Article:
Cilka’s Journey- A Book Review

By: Heather Morris

Cilka’s Journey is a sequel to the bestseller, The Tattooist of Auschwitz.  I have not read The Tattooist of Auschwitz, and I was a bit concerned that I would be confused reading Cilka’s Journey, but that was not the case at all.  This book stands on its own very well.  Heather Morris includes a bit of information about the characters from The Tattooist of Auschwitz.  These small details made me curious and interested in reading it.

I must admit, though, I won’t be jumping right into The Tattooist of Auschwitz anytime soon.  After reading such an emotional story, like Cilka’s Journey, I need to give myself some time to recoup before I dive into a similar story.  I usually like to follow that genre of book with a fun, light hearted and easy to read book.

What is the book about:

The book follows the life of a young Jewish Czechoslovakian woman named Cilka Klien, who is actually a real person.  Heather Morris, the author, explains that she uses the true story of Cilka Klein to inspire some aspects of the book. Therefore, this a historical fiction novel, not a biography.  However, that should not dismiss the events in the story because what she experienced did happen to many women during this terrible time in history.

We are first introduced to Cilka near the end of World War II when Auschwitz is liberated by the Red Army (the Soviet Union).  The Red Army soldiers liberate this camp on their march to Germany.  During this time, the Soviet Union, now under Joseph Stalin, had created “labour camps” all over Russia, mostly in the northern regions.  These camps were for political prisoners, people Stalin believed were betraying the communist state, and prisoners who had actually committed crimes.  When the Red Army arrived in Auschwitz, they began questioning the prisoners to find out more information about each of them.  The Red Army learn that Cilka had been a prisoner of the camp for many years and that she had sexual relations with some of the Nazi guards.  However, these sexual encounters were not consensual; the camp guards were raping Cilka.  This allowed for Cilka to survive all her years at Auschwitz.  For these reasons, astonishingly, Cilka is considered a Nazi collaborator by the Red Army and, therefore, an enemy to the Soviet Union. The Soviets are suspicious of prisoners who managed to stay alive in the camps, sadly suspecting many of them to be collaborators (to the Red Army, this is the only answer as to why they survived these camps). Therefore, she is sent directly from Auschwitz to the Soviet Union to complete a 15-year sentence of hard labour in the Vorkuta Gulag in Siberia.  She is pushed onto another train for her long journey from Auschwitz to northern Russia.  This train ride reminds her of the train ride she took many years prior to Auschwitz.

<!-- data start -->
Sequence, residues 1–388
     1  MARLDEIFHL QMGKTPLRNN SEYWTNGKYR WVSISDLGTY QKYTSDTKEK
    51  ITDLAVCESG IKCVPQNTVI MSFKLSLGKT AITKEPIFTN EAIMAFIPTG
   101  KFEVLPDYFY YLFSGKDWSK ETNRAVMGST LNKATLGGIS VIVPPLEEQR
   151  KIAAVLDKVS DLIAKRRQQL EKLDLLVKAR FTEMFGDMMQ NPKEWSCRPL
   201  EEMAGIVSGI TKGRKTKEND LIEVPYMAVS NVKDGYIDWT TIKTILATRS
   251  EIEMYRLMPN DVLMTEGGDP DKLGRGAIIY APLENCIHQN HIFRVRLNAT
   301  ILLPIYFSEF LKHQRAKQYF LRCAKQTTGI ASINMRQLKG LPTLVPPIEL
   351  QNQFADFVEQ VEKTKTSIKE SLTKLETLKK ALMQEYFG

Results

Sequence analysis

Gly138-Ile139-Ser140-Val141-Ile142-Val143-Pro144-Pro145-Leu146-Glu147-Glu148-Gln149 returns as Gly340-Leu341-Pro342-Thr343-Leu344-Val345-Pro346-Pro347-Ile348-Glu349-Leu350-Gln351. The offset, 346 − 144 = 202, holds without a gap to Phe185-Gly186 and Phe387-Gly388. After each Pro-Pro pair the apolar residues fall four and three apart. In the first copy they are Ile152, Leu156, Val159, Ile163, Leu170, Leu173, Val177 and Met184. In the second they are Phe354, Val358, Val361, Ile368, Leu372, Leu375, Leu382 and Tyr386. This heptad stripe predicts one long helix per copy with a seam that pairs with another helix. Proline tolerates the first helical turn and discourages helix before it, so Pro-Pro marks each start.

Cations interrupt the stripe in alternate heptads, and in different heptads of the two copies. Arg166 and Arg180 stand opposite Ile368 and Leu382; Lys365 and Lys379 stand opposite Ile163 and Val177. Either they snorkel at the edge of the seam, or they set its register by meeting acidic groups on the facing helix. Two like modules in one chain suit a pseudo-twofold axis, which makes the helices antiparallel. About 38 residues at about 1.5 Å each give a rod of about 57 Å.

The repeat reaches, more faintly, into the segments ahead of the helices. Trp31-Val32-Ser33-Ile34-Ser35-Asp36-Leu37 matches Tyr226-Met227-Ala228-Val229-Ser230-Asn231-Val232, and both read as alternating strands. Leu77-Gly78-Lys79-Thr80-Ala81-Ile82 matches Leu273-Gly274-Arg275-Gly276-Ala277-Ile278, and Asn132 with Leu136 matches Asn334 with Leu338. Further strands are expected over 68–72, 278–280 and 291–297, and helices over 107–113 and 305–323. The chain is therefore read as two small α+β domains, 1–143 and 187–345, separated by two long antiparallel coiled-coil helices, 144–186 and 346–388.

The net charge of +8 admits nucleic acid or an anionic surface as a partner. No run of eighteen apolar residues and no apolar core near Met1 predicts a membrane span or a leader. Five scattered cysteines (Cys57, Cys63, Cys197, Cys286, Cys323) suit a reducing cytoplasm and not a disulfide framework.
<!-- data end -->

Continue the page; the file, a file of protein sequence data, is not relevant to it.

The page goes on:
Once she arrives at the Gulag, she experiences many of the same events that she endured when she arrived in Auschwitz for the first time.  Cilka has become numb to humankind’s brutality and follows along with what is told and asked of her. Cilka’s only focus is to survive the Gulag camps just as she survived Auschwitz.

Most of the book is focused on Cilka’s time in the Vorkuta Gulag camp, but Morris also includes short memories Cilka has of Auschwitz to paint a picture of Cilka’s past.  These memories also show us how her experiences at Auschwitz influences her life at the Vorkuta Gulag camp.  It brings so much sadness knowing that this poor young woman endured such brutality at Auschwitz, and then to be forced to undergo more brutality at a new camp seems unimaginable.

Cilka’s time at Vorkuta is extremely difficult.  However, she meets many new people that end up playing a significant role in her life.  She learns a lot about herself and the courage and determination she has.  Every day she fights to survive and live, hoping to return to her home in Czechoslovakia one day.  

My thoughts on the book:

Heather Morris creates a captivating story about suffering, loss and love.  She writes with such detail that every scene seems to come to life; I felt that I could picture every part of the camp and how Cilka fits into it.  What is so incredibly moving about this story is how Morris shows you the courage of these characters, and although these are fictional characters, the reader knows that the real prisoners of the camp had to have the same resiliency if they had any hope of surviving.   Although there is so much evil and sadness throughout this story, Morris also includes incredible stories of heroism, compassion and tenderness.  I also like that it is focused on a topic that many people probably don’t know much about; it sheds light on another dark part of history.